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Tricky Dog Show wows virtual audience

By Amelia Tarallo
Hometown Weekly Staff

How often do we get to enjoy a dog show from the comfort of our own homes? When I was little, I used to sit for hours watching the countless Animal Planet dog programs. Occasionally sprinkled among them was a program in which the dogs would do outrageous tricks. Sometimes, there were replays of the American Kennel Club ones, in which all the prim and proper canines make their way around the ring.

So when I took a look at my assignments and saw “dog comedy show” described, naturally, I had no idea what to expect. 

From Monday, September 21, to Sunday, September 27, patrons of the Needham Library could click a link on the library website and watch the Tricky Dogs Show. The ringleader of this doggie circus is Rick Martin, a performer who has been doing this show for over 20 years.  

The show begins with a circus-like montage, quirky tunes included, and a quick introductory card that provides the dogs' names (Chico, Pippy, Lucy, Cricket, and Peanut). I can’t help but watch and wonder as the dogs do flips and run and jump and balance on a barrel; my beagles could never do any of these tricks, and I’m somewhat grateful they can't, as I would feel obligated to give them a treat every time they did one. 

Rick Martin, the pooches' handler - or as he’s referred to, their pet human - brings them in loaded in a small truck. They seem excited to get out and get to work. Each of the small dogs lines up, ready for their closeup. Peanut, a terrier mix; Chico, a Chihuahua mix; Pippy, a rat terrier; and Lucy, a Jack Russell terrier. Martin describes the eldest, Cricket, as “a genuine, ring-tailed fudgey pop.” Martin is joking, of course. Cricket is definitely some sort of Chihuahua mix. After their introduction, Martin gives the dogs a break by snapping his finger. The dogs jump off their platform, chasing after frisbees and balls like regular dogs. 

After, he briefly demonstrates how he trains the dogs, using Chico as an example. Chico, the youngest of the crew, seems to have the energy of a caffeinated toddler, jumping around, rapidly wagging his tail, and rolling all over Martin. He’s got an expression that can only be described as a smile.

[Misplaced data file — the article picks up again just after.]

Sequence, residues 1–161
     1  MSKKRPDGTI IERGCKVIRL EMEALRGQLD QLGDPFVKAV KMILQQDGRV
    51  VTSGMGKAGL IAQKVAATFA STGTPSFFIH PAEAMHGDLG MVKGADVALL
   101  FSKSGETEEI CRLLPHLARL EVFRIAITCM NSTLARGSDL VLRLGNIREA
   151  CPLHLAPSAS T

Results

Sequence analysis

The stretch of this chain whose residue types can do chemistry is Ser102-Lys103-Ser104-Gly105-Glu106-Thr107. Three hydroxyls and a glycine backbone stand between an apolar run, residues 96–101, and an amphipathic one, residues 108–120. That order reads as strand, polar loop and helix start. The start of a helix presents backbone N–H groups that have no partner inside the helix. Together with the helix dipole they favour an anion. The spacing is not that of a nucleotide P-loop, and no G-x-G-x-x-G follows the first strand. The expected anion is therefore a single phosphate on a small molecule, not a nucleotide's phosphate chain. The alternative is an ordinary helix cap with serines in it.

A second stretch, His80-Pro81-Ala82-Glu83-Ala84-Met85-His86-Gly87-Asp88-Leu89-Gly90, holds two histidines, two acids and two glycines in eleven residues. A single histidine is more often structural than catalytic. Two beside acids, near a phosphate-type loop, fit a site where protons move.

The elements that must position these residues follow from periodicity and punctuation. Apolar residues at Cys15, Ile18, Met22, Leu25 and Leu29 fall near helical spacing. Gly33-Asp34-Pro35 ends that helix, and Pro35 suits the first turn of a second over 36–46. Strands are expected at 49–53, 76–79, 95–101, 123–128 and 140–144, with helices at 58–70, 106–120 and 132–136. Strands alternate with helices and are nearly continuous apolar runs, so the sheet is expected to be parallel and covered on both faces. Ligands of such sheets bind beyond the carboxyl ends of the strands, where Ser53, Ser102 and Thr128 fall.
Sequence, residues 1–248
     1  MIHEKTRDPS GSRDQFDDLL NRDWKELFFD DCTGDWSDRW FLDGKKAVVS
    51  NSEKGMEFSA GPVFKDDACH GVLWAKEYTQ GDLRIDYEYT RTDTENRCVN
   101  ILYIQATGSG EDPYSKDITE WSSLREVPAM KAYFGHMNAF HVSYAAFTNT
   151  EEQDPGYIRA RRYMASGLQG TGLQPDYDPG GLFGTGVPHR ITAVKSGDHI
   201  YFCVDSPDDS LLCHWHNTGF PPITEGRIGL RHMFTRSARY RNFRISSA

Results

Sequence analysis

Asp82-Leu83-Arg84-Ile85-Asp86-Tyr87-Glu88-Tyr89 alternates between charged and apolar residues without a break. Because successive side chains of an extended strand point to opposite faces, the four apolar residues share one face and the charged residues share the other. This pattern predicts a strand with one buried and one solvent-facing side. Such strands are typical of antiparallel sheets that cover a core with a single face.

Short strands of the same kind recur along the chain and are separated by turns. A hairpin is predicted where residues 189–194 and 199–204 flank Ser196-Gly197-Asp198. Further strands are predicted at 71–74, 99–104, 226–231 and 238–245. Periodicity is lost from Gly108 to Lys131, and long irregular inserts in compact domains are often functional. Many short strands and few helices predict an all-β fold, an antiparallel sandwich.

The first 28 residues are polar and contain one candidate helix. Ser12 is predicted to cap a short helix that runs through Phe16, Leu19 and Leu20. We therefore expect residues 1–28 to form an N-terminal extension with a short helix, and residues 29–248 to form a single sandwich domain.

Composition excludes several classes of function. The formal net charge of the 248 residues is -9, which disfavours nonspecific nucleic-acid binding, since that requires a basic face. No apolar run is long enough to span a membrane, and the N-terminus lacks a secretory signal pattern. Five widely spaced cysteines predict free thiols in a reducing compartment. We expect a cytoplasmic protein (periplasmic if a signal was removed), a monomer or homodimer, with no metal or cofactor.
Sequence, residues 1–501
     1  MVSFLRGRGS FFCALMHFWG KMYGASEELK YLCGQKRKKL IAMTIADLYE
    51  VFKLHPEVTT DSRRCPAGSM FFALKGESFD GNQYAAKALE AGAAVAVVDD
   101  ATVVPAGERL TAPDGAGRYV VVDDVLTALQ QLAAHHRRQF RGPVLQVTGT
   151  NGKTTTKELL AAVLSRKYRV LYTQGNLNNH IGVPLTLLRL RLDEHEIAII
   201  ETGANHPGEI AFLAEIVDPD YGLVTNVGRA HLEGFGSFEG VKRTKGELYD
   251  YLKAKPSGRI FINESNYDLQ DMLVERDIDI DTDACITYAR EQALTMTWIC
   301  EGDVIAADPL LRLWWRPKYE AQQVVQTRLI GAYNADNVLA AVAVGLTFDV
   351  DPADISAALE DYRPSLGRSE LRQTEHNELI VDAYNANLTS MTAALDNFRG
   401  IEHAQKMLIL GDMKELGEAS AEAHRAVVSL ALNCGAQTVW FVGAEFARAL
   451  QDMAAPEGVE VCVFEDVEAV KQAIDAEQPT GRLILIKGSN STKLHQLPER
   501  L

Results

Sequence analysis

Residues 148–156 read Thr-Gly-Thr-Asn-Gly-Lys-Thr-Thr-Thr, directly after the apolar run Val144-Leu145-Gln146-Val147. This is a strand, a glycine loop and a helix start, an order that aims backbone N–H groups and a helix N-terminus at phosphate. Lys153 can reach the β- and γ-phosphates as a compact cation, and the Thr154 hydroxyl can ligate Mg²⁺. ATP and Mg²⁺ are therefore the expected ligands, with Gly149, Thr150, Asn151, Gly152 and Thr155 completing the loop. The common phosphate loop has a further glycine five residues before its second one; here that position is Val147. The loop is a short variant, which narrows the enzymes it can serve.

In between segments of the present day, Martin splices clips from his former shows, some with a different set of dogs. Crowds gather to see his dogs perform jaw-dropping tricks and stunts. With some catchy music playing, I watch as Lucy and Cricket walk on top of a barrel, moving it by themselves; Peanut climbing to the top of a ladder and jumping off; another dog on a skateboard; and a dog jumping through hoops.

Martin takes the time to explain how he trains the dogs to do each trick of the set. As I’m watching, I can't help but wonder how Martin teaches them to walk on a barrel, and jump off a ladder, both of which require a significant amount of balance. Martin has Lucy do her barrel trick. Lucy takes the trick a step further, doing a little turn as she makes the barrel move. Chico, who has been learning, is a little more hesitant but still wagging his tail. “They were actually walking backwards, and pushing the barrel forwards. As the barrel moves forward, they need to walk backwards,” explains Martin, referring to the more experienced dogs. Martin takes out a clicker and treats to encourage positive reinforcement and help Chico learn the trick. After he practices, Chico seems more than happy to jump back on the platform with his fellow canines.

As I watch the rest of the show, I’m fascinated by how the dogs are able to do these tricks, and how Martin can teach them. Maybe if I were a little more patient, I could get my own circus show together (so if writing doesn’t work out, I'd at least have a backup plan). But for now, I’ll stick with my regular, non-tricky beagles - and watch the Tricky Dogs Show when I'm looking for something extra.

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